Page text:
Making Bubbles Is Fun

Making Bubbles Is Fun

Making bubbles might seem too familiar, too simple and too common, but it never stops to excite children.

We had fun in the Lower School. We made bubbles!

What did we use?

We used simple household ingredients:

  • clear dishwashing liquid without degreasing agent
  • table sugar
  • distilled water
  • ½ cup of hot water to dissolve the sugar

What did we do?

  • We dissolved the sugar inside hot water
  • We stirred till the sugar dissolved completely
  • Next we poured the sugar solution into the distilled water
  • The dish soap was added to the mixture
  • The solution was allowed to stand for 24 hours

The next day we started blowing our bubbles!

Questions

Why did we use sugar?

Sugar acts as a binding agent creating a thicker solution. So extra sugar and glycerine make the bubble hard to pop.

Why is a clear soap used instead of a yellow one?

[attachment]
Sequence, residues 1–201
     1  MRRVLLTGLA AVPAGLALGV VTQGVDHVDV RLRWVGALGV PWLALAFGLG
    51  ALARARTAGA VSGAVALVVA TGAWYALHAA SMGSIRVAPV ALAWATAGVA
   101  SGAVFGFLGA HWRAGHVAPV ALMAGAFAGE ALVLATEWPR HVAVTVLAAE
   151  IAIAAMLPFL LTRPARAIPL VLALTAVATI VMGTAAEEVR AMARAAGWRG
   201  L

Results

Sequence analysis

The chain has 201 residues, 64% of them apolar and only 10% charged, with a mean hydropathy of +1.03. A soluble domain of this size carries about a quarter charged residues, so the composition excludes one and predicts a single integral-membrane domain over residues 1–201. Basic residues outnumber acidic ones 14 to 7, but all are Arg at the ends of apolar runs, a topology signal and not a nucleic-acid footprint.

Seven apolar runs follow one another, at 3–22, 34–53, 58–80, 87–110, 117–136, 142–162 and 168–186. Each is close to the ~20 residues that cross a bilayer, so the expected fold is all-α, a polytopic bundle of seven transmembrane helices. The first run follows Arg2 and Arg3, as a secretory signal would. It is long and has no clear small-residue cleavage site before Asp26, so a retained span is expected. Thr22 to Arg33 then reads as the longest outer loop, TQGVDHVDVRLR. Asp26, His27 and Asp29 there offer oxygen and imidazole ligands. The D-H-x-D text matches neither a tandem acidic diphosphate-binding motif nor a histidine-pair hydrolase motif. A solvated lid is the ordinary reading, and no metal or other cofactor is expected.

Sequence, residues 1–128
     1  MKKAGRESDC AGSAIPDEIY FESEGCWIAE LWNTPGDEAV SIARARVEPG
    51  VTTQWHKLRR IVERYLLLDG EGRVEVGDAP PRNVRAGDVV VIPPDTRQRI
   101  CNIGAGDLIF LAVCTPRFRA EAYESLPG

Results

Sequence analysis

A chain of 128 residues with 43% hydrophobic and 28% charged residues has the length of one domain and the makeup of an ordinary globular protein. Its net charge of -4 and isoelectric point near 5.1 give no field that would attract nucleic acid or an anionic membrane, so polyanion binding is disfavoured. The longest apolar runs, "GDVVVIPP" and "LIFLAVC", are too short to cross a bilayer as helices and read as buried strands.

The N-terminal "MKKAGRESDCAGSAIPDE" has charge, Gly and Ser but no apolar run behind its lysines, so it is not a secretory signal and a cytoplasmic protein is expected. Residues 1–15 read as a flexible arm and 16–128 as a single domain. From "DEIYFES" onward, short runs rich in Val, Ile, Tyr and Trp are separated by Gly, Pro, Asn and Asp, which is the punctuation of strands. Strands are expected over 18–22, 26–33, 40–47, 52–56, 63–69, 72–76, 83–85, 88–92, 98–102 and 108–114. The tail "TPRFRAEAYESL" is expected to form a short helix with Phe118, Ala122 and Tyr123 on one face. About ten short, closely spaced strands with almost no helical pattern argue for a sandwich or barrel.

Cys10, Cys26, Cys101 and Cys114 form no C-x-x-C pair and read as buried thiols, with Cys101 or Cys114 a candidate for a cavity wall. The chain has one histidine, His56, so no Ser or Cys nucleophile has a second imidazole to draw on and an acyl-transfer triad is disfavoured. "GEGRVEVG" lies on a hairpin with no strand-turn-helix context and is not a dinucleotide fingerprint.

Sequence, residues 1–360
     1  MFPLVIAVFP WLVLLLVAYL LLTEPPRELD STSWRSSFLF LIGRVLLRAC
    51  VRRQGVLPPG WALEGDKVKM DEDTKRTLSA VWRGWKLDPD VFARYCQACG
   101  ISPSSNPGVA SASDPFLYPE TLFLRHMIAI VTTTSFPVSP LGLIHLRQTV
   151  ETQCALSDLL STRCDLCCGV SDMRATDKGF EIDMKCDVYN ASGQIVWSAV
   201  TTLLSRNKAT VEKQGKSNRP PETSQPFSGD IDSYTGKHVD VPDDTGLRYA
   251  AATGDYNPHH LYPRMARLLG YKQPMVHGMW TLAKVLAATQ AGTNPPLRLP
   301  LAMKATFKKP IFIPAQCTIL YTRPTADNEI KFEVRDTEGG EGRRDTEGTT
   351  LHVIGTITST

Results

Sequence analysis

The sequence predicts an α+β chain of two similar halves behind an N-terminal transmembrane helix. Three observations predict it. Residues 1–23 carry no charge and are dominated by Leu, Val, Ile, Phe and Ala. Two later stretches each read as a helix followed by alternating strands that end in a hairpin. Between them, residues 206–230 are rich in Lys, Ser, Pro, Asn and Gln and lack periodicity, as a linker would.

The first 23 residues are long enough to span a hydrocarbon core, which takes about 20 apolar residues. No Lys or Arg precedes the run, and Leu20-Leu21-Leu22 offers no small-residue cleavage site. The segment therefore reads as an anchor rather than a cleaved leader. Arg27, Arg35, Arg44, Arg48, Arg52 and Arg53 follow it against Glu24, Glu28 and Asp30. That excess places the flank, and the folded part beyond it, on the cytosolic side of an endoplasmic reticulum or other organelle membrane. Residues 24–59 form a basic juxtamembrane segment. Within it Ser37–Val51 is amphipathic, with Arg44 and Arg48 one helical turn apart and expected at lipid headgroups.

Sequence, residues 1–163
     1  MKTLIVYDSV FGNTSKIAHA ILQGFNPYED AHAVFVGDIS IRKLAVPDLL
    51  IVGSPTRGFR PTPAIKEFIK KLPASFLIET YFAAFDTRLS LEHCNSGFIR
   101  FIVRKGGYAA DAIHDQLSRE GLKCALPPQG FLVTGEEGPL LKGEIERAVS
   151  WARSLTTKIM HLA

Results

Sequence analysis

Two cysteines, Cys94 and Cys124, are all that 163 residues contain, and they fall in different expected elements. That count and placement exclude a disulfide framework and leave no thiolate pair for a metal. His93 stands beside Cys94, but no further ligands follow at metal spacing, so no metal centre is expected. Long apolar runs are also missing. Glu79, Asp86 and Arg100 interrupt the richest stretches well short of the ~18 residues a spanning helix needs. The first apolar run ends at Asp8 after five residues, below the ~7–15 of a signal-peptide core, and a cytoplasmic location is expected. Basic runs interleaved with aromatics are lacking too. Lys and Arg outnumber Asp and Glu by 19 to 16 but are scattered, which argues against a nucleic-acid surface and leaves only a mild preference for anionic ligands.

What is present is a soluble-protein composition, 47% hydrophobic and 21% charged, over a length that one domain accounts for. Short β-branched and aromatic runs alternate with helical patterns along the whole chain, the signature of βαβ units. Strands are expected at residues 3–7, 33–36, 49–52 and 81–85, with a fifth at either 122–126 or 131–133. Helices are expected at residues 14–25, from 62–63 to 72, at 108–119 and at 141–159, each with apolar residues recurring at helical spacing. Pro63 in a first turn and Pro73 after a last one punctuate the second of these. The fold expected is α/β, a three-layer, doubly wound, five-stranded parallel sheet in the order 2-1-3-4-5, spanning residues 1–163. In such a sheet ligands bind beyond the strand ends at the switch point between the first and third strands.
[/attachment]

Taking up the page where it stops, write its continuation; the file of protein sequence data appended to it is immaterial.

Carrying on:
Using a clear soap makes the bubble translucent. A yellow soap will mask the yellow and green a bit, making the rainbow less noticeable.

Why is the bubble always round?

This is because the air that is trapped inside spreads out in all directions so even if you blow your bubble with a rectangular opening, it makes a round bubble.

Go back

News

Selina Vitho, Year 4 sums up the lesson learnt through the visits by saying the following: “I have learned that nothing good comes easy. I must work hard to achieve my dreams. I must be patient in everything I do.”

Two E.I.S. students were recognised as being ‘one of the highest calibre of entries this year’ in the Immerse Education Essay Competition.

Two new after-school activities are encouraging young and older children to explore the five senses, develop their imagination, sprout logic thinking skills and more.

Several EIS classes participated in the National Geographic Project Exploration webinar on Global Citizenship.